While we typically have a fourteen-day grace period in most of our contracts, we felt this just wasn’t enough to allow for unforeseen.

This part of the contract picks up after the buyer has paid the deposit. Have a look below:

For this clause the target transfer date stated below may be adjusted subject to conditions stated in Clause 3 due to Covid 19.

The remaining balance of Four Million Thai Baht (4,000,000 THB) is to be paid on or before the target transfer date of the 6th day of July 2021. Should the PURCHASER fail to pay the balance on the target transfer date, a grace period of fourteen (14) days will be given to allow the PURCHASER to complete the remaining balance payment. Should they not make the remaining payment within this period, through no fault of the SELLER, they will forfeit their right to purchase and any deposits paid.

Should the SELLER be unable to transfer on or before the target transfer date of the 6th day of July 2021, a grace period of fourteen (14) days will be given to allow the SELLER to complete the transfer. Should they be unable to transfer within this period due to the fault of the seller, the deposit shall be returned and the seller shall be responsible to pay the same amount additionally as compensation to the PURCHASER.

The above clause is fairly standard, but now with the addition of our ‘Covid Clause’ below:

The target transfer date stated in Clause 2 may be adjusted within reason to accommodate problems or restrictions that may be caused by Covid 19 and potentially delay either or both parties from being able to complete their obligations under Clause 2. This is to allow for problems such as:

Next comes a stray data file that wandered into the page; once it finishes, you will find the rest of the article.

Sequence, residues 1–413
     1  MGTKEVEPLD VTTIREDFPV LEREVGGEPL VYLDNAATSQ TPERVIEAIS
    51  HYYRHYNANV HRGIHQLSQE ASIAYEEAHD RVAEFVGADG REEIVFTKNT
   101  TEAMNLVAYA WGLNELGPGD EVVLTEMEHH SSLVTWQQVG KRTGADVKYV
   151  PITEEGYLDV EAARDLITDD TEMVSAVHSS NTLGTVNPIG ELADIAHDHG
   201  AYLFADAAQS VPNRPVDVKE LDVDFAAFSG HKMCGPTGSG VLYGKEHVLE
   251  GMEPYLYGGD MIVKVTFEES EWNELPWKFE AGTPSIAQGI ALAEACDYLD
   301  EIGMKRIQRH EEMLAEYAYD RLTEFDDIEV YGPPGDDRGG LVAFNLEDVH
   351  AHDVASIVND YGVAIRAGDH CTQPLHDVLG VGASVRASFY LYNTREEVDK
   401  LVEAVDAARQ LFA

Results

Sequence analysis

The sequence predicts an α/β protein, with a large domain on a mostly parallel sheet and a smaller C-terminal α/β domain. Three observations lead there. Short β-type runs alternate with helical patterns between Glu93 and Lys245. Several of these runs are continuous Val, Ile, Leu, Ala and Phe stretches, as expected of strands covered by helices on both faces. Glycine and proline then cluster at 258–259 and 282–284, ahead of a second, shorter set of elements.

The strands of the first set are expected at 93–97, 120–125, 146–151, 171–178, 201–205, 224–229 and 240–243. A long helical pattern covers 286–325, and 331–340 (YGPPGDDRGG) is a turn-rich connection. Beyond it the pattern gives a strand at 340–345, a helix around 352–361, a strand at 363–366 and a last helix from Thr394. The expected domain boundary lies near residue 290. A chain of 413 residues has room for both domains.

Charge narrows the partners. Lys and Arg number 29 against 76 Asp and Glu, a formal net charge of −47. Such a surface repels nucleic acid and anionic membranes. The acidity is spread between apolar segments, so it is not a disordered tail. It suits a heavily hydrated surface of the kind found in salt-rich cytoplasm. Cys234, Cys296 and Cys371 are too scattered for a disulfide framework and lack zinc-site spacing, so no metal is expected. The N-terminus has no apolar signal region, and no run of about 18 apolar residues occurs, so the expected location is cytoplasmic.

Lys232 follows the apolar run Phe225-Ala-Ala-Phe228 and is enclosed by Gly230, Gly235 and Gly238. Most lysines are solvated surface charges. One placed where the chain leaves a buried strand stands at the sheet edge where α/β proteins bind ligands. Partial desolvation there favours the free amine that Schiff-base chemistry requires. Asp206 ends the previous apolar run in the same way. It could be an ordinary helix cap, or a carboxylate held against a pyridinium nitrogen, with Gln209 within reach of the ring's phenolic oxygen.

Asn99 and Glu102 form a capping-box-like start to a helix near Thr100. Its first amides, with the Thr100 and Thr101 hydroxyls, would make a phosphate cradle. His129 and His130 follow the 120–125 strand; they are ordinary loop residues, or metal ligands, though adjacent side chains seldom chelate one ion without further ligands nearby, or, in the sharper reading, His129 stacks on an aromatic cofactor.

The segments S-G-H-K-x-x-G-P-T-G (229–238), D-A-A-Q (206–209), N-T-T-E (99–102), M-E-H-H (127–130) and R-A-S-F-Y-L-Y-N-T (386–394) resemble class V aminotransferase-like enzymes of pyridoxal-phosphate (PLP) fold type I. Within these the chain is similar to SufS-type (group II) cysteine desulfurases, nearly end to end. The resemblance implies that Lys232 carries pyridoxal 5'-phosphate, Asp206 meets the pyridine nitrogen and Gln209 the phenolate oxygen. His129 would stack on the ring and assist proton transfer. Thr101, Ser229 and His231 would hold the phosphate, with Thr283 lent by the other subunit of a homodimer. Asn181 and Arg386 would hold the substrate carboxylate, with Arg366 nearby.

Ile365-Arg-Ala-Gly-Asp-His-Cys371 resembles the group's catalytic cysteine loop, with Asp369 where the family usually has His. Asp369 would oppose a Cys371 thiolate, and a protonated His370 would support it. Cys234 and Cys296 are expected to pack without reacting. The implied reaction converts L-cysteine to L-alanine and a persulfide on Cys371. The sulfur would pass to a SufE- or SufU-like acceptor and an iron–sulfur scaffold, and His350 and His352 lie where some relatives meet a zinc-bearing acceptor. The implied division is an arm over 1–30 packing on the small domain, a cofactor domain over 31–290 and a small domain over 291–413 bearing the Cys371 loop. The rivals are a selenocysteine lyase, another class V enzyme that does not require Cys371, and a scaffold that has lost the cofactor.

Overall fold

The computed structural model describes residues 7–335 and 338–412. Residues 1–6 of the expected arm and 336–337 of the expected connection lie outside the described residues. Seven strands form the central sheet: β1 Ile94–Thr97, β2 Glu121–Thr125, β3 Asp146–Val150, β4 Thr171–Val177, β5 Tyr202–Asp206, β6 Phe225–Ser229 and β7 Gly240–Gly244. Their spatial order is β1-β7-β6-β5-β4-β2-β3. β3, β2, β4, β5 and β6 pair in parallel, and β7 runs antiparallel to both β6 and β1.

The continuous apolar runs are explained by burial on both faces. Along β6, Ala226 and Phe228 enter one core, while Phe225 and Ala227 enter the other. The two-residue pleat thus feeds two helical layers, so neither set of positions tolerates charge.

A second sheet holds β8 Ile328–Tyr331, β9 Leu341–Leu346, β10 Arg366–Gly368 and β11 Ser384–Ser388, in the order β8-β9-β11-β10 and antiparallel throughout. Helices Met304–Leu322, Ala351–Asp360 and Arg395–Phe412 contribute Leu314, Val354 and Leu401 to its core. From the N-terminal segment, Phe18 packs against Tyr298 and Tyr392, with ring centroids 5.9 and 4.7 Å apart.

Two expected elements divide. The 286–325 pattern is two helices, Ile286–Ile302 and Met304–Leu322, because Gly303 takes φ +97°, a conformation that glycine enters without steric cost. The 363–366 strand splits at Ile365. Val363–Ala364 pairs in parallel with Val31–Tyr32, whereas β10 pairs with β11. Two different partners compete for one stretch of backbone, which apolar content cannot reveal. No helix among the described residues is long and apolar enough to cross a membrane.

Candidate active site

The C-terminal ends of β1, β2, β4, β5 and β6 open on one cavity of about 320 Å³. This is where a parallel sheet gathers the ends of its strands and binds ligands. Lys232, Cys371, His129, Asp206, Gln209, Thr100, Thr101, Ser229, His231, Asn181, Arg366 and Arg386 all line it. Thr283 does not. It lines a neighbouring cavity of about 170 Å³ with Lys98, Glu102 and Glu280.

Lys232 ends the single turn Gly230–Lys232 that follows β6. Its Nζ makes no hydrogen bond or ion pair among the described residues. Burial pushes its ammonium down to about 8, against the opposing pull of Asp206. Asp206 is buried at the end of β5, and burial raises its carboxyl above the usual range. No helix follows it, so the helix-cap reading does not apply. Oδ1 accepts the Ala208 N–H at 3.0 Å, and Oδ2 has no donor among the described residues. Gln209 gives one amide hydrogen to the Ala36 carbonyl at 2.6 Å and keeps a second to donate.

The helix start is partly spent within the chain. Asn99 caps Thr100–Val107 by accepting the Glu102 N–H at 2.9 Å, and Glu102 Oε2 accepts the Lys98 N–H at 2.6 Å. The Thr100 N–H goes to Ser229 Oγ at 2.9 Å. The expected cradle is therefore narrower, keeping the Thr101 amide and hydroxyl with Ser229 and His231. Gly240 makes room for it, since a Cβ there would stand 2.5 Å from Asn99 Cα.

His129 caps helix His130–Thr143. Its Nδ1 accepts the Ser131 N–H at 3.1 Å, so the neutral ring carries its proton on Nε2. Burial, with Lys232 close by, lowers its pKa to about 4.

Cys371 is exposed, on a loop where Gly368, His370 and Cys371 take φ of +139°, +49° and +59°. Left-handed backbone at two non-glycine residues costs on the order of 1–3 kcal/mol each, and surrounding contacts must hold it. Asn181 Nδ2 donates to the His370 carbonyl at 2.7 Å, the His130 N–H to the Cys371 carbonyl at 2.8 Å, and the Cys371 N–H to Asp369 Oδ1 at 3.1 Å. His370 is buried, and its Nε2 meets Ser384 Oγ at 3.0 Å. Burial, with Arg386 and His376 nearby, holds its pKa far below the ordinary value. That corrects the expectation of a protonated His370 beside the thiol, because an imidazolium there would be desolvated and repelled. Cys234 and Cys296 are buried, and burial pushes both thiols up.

a) Travel arrangements being canceled by the operator due to covid 19 restrictions.
b) Being tested positive for Covid 19 causes: Travel arrangements to be delayed, release from quarantine to be delayed, or inability to complete obligations on time.
Note: In Thailand, anybody who tests positive for COVID-19 is currently required to be transferred directly to a hospital for follow-up treatment and testing until released.
c) Change in Government Covid regulations/restrictions that delay either party or both from being able to comply with the obligations under clause 2. Such as:
increase in Quarantine time, Lockdown that prevents travel to complete the transfer, Closure of the land office.

Such kinds of problems shall constitute a reason to delay the transfer and are not a reason to withdraw from the sales agreement. Proposed changes in the target transfer date due to Covid 19 shall be substantiated reasonably by either party and the other party shall agree to the delay unless there is a justified reason to challenge the proposed delay time.

Again, as times change, hopefully, the necessity for such clauses will become a thing of the past, but I feel, for the time being, such things are necessary to not only discuss with clients but to put them right into the contracts and therefore more legally binding.

I’m more than happy if any agents out there want to use this clause verbatim or even just in essence as I think it’s very beneficial to all of us. Protecting our clients as well as possible (as well as ourselves of course) is something we’re always working towards.

Stu Sutton is managing director of Jomtien Property and Serenity Developments and has worked exclusively in the Pattaya/Jomtien real estate market for 18 years. Please feel free to contact him with any queries, compliments, or good jokes, [email protected] or visit Jomtien Property’s website at www.jomtien-property.com